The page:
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Cyclist Who Killed OAP Escapes Justice as 'Rules Don't Apply to Them'

A 'militant' cyclist who knocked down and killed an 81-year-old woman in Regent's Park has walked free from court with not so much as a fine because the rules of the road don't apply to cyclists.

Brian Fitzgerald, described as a militant cycilst, was doing up to 29mph, in a 20mph zone, when he hit Hilda Griffiths, 81, who was quietly walking her dog in the park at around 7am on a Saturday in June 2022. 

The militant cyclist had been using the park as his own private raceway: Along with other cyclists he had been doing timed-laps of the Park, he smashed into Mrs Griffiths who was attempting to crossing the road.

The pensioner suffered fatal head injuries in the crash whilst Fitzgerald received only minor cuts and bruises. The death was clearly caused by Mr Fitzgerald and relatives of the victim were expecting there to be some form of justice issued at trial.

However, Mr Fitzgerald walked free after the court heard that speed limits did not apply to cyclists only those in motorists.

Mrs Griffiths' son Gerald, 52, said 'something has to change' after the cyclist who killed his mother was not prosecuted.  'The park is used mainly by families with children, people with dogs. I'm sure my mum is not the first one to be encountering a group like this but she is the first one to be killed by one,' he told LBC

'Something has to change across the board with the law, not just for the speed limit of parks, it's got to be in general.' 

Cyclists did not need to obey the 20mph limit as 'the legal speed limit does not apply to cyclists (the same) as motorists'.  Mr Fitzgerald said

He was doing timed laps of Regent's Park, London, as part of a group when he smashed into Mrs Griffiths while she was crossing the road.  He added that he had 'zero reaction time' to avoid Mrs Griffiths, a retired nursery teacher, who suffered bleeding who suffered catastrophic injuries including bleeding on the brain which she never recorded from, dying in hospital two months later.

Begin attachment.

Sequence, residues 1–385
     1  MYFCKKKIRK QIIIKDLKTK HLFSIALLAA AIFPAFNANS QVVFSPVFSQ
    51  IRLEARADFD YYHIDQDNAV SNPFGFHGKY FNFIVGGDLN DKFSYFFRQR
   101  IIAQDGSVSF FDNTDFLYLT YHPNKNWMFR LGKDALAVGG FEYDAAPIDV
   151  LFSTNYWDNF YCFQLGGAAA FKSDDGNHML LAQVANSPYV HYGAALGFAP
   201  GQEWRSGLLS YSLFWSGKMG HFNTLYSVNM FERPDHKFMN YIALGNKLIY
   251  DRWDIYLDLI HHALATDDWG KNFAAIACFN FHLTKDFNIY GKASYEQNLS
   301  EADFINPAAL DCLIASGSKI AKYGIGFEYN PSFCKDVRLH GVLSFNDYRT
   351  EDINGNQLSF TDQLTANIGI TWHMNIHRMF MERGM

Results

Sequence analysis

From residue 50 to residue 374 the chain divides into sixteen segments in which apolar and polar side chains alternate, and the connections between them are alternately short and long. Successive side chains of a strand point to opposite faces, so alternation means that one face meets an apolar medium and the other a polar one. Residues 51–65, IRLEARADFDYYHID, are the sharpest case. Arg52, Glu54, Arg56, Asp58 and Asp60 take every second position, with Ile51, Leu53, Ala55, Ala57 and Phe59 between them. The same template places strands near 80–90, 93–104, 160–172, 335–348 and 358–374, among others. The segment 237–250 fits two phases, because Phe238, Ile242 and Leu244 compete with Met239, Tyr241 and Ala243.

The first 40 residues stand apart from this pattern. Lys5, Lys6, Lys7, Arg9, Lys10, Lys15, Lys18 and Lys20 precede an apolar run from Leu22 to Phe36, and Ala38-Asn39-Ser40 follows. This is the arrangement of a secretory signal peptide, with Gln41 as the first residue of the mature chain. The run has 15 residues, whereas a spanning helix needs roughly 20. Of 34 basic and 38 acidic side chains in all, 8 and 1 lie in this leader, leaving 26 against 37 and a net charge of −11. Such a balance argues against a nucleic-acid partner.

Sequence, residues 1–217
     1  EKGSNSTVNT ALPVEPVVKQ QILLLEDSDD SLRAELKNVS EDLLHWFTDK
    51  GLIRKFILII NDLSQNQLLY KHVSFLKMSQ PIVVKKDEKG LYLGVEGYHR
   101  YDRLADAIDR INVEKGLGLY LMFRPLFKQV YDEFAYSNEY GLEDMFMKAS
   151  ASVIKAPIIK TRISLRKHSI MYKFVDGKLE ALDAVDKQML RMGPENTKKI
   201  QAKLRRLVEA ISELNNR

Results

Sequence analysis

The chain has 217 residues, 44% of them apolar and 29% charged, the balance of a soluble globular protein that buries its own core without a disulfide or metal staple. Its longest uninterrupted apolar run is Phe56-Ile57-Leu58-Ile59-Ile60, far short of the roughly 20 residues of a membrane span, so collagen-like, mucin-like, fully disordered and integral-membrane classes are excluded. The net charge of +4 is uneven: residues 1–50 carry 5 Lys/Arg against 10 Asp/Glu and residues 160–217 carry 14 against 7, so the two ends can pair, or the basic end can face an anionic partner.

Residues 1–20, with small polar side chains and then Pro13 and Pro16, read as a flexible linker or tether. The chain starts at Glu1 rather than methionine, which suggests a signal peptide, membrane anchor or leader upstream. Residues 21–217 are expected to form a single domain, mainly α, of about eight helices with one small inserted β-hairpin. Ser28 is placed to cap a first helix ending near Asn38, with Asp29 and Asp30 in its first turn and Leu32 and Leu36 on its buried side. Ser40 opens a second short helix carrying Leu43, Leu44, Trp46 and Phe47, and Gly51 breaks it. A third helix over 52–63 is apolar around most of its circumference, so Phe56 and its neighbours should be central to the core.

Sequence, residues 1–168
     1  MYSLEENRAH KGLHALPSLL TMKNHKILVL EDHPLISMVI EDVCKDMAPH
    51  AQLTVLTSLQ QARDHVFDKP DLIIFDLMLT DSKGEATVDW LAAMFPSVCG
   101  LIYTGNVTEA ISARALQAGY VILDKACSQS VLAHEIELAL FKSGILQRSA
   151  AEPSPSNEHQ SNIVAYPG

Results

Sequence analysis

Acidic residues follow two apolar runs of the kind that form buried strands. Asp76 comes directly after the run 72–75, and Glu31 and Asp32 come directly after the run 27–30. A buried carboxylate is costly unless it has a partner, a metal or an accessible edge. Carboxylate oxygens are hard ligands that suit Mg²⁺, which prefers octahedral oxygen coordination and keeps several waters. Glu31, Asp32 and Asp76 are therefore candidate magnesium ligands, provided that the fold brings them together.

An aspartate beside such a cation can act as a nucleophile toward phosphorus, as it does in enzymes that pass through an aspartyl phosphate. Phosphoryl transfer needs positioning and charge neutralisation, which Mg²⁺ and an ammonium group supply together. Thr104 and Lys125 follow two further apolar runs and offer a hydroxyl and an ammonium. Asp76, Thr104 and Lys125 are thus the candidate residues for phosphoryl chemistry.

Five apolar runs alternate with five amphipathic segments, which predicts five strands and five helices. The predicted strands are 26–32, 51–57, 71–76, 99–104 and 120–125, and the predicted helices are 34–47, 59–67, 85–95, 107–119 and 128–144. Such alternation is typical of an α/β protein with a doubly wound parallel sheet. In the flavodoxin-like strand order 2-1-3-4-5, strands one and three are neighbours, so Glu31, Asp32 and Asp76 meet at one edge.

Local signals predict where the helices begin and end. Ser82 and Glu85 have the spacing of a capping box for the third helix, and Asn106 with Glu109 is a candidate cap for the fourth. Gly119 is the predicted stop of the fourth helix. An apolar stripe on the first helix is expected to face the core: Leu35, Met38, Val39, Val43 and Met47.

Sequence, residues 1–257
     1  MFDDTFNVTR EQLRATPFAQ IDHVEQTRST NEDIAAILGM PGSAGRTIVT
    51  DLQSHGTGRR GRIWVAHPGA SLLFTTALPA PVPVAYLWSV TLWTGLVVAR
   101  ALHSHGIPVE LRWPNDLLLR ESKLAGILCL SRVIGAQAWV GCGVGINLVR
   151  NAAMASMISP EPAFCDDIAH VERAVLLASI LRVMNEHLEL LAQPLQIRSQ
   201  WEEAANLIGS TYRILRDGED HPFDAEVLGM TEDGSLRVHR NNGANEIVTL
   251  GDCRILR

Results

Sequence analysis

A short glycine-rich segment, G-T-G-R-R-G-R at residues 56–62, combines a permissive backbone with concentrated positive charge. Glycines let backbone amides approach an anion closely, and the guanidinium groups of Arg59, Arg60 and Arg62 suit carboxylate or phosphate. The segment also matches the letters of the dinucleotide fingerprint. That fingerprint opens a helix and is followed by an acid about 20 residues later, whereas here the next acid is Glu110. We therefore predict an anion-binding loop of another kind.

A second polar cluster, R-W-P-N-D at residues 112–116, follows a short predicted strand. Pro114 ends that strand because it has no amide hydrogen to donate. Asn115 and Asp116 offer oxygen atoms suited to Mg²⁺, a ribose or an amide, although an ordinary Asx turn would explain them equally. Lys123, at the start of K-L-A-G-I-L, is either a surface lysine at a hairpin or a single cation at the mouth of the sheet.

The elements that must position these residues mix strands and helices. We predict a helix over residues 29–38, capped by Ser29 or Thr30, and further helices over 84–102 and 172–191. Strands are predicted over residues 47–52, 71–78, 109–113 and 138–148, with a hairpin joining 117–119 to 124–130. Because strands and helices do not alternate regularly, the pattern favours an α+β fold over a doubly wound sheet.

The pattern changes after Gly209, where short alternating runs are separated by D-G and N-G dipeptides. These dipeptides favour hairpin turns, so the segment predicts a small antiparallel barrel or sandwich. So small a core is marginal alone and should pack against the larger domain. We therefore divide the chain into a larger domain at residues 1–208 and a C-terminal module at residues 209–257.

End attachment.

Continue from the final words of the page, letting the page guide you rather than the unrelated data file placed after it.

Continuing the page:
Her death was not even recorded as being the result of a road collision as it was 59 days after the incident, the Telegraph reported. 

Fitzgerald, was participating in an unlicensed group event with a number of other cyclists called the Muswell Hill Peloton Club, who were reportedly using the roads in Regents park as their own private racetrack. The group were cycling anticlockwise around the perimeter of the park at an average speed of 25mph, according to their GPS devices.

Yet despite ignoring the speed limit in a public park and being identified as the person responsible for the death police concluded that there was "insufficient evidence" to prosecute Mr Fitzgerald and took no further action.

Inner West London Coroners Court heard that no specific speed limits exist for cyclists and no legislation to prosecute them should they not comply with regular signs for motorists.

Despite causing the death of the pensioner Fitzgerald argued that Mrs Griffiths' death was her own fault because she'd stepped out onto the road without checking for 'oncoming traffic'.

Mrs Griffiths's son Gerard called on existing laws allowing cyclists to ignore speed limits to be updated and said his mother had been killed by a 'culture of cycling', adding the outer circle of Regent's Park had become a 'velodrome'.

Representing Mrs Griffiths's family, Ellen Robertson called on assistant coroner Jean Harkin to issue a prevention of future deaths report, on the basis that cyclists were routinely ignoring 'highly advertised' speed limits and putting vulnerable people such as children and the elderly at risk.

Mrs Harkin refused the request and rejected recorded the death as the result of an 'accidental cycling collision', pointing to the lack of precedent for pedestrian deaths 'in these circumstances'.

Richard Hallam, representing Mr Fitzgerald, suggested the installation of zebra crossings would help to make cyclists slow down to stop for pedestrians.

In a statement that has caused even more outrage on social media, the Muswell Hill Peloton Club called the death a 'tragic incident' and said that the safety of road users was its 'top priority.' the words are entirely hollow, if not sickeningly callous as the cycling club have been seen in the park doing exactly the same thing since the death of Mrs Griffiths.



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